Articles by Alexander E. Hopkins

Found 14 articles
2015, Vol. 7 No. 10
While some believe that scientists should communicate their research apolitically in research journals, others believe that scientists should communicate to the media in order to bring awareness to their research topic. As a compromise to these... Read Article »
2015, Vol. 7 No. 09
Public relations is a growing field in the United States (Botan, 1992, p. 149). This growth can be partially explained by the fact that public relations is an exercise in power (Curtin & Gaither, 2007, p. 235; Walker, 2006, p. 401). Throughout... Read Article »
2015, Vol. 7 No. 09
Since its introduction by German-born Political Scientist Elizabeth Noelle-Neumann in 1974, the Spiral of Silence theory has become one of the most-researched communication theories that explains public opinion formation in a media environment (... Read Article »
2015, Vol. 7 No. 04
The beginning of any social relationship is often ambiguous (Edelmann, 1985, p. 195). If a social interaction proves to be troublesome, conflict may occur. While conflict is an inevitable facet of life, it is not necessarily a negative phenomenon... Read Article »
2015, Vol. 7 No. 03
When politicians attempt to communicate their views in the public forum, the practice can be seen as a perquisite of the democratic process. This can prove to be an ideal environment for public relations, as the industry can identify and clarify... Read Article »
2013, Vol. 5 No. 06
Each year, thousands of colleges and universities across the United States hold commencement. This is a time when campus is in full bloom—manicured lawns, farewell hugs from classmates, and final exams. As the graduates march in unison to... Read Article »
2013, Vol. 5 No. 04
When U.S. President Ronald Reagan left office in 1989, he enjoyed a reputation as one of the most rhetorically dynamic Presidents of the twentieth century. His remarkable speaking ability was not surprising because, before his transition into politics... Read Article »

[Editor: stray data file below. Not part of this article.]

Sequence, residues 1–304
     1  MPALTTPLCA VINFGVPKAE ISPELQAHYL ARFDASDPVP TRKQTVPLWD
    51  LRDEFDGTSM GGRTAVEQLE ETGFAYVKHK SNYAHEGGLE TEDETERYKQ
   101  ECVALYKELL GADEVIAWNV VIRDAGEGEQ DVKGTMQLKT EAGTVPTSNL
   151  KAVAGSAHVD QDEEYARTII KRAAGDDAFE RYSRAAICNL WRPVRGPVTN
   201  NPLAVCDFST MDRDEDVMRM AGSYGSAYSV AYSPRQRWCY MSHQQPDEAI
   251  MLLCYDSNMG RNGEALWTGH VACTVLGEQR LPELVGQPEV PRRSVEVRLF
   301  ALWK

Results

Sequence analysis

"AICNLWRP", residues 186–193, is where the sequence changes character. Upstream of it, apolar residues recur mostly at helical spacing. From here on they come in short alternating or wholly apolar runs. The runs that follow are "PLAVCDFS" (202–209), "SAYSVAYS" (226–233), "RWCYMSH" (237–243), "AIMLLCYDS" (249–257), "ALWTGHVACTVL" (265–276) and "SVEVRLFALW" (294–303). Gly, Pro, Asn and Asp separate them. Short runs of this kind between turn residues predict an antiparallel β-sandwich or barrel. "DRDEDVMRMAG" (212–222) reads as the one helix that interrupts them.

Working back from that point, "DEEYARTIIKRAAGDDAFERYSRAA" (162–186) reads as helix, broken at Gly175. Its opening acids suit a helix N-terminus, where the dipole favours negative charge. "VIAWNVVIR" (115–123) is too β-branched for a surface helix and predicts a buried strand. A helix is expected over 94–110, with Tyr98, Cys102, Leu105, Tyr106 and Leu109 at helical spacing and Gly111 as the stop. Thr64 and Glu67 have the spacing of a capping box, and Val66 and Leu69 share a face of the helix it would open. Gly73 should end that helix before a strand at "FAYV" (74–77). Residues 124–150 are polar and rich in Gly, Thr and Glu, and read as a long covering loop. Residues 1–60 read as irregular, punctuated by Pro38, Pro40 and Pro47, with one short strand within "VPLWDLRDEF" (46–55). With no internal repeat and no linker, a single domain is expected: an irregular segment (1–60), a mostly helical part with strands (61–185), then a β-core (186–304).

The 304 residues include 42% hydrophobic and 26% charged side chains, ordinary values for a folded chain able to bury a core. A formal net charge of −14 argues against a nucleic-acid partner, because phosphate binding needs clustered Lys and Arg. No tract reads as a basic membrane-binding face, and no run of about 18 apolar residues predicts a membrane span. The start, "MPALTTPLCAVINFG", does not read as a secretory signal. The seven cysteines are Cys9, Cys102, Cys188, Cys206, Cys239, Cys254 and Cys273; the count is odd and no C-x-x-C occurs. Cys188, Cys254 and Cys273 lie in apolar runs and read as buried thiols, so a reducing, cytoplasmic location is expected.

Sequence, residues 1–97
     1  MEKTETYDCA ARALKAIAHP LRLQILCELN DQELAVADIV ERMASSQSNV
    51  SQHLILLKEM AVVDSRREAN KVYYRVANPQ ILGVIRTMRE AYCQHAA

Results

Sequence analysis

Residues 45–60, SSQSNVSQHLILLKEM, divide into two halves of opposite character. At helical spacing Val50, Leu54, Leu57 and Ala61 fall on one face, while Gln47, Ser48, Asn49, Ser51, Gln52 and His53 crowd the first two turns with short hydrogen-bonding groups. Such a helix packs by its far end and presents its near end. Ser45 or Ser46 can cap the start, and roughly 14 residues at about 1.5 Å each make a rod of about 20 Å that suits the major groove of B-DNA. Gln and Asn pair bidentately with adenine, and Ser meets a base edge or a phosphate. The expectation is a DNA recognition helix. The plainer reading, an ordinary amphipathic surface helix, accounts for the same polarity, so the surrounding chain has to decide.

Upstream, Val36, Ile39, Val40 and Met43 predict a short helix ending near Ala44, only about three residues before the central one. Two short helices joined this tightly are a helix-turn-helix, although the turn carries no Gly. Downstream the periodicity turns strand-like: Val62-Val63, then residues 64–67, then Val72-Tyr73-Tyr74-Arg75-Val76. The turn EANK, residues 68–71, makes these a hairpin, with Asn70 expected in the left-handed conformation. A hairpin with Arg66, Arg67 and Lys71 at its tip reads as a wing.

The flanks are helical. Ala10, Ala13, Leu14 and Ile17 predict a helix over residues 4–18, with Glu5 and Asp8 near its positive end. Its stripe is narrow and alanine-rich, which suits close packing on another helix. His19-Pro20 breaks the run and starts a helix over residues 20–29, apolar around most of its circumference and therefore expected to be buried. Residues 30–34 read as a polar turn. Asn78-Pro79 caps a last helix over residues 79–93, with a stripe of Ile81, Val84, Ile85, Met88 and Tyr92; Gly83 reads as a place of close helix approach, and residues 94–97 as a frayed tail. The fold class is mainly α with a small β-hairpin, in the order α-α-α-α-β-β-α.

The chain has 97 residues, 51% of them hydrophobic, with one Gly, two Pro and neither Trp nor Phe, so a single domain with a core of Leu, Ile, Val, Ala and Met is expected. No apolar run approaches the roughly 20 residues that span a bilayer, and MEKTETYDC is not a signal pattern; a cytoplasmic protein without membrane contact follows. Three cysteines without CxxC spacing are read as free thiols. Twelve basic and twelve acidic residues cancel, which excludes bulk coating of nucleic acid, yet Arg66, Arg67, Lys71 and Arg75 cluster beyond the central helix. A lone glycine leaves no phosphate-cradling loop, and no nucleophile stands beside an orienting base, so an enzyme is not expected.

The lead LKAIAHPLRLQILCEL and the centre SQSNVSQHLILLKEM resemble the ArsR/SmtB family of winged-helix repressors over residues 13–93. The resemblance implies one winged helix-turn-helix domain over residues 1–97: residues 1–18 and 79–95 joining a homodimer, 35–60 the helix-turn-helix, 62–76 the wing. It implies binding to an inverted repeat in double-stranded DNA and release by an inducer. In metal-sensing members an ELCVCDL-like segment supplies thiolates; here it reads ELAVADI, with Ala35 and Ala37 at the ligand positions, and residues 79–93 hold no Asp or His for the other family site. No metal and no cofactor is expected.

2013, Vol. 5 No. 01
Since the United States Constitution was ratified in the late-18th century, the question of state judge selection has been an important topic in legal theory. Since 1976, it has been one of the most widely debated issues in law school journals throughout... Read Article »
2012, Vol. 4 No. 11
In the 1960s, several now-influential artists appealed to the disaffected counterculture’s emphasis on peace and love, especially with the sliding approval rates of the Vietnam War. As public approval of the Vietnam War dwindled in the latter... Read Article »
2012, Vol. 4 No. 10
On October 26, 2001, President George W. Bush signed the USA PATRIOT Act in response to the September 11, 2001 terrorist attacks. The Act, by Congress just six weeks after the attacks with virtually no public debate, greatly-expanded the executive... Read Article »
2012, Vol. 4 No. 10
Since his death in 1142 CE, Yue Fei of the Song Dynasty (960-1279) has been revered by the Chinese as a national hero. His skill as a military leader, bravery in battle, and Chinese national pride have made him one of the most popular figures in... Read Article »
2012, Vol. 4 No. 09
Upon Apple CEO Steve Jobs’ death in October 2011, he was mourned worldwide as an innovator who changed the landscape of the computing world. Ironically, Jobs rarely created technological-breakthroughs in computing by working hands-on with... Read Article »
2012, Vol. 4 No. 09
Although he left office in March 1990, dictator Augusto Pinochet effectively held absolute power in Chile from 1973-1988. His September 1973 military coup proved that a charismatic individual could set the goals of the state by using hard power... Read Article »
2012, Vol. 4 No. 09
In the March-April 2012 issue of the Western Journal of Communication, a piece appeared by University of California-Santa Barbara (UCSB) Communications doctoral candidate Amanda Denes entitled “Pillow Talk: Exploring Disclosures After Sexual... Read Article »

Alexander E. Hopkins is currently pursuing a Masters degree in Communication at Georgetown University in Washington, DC.

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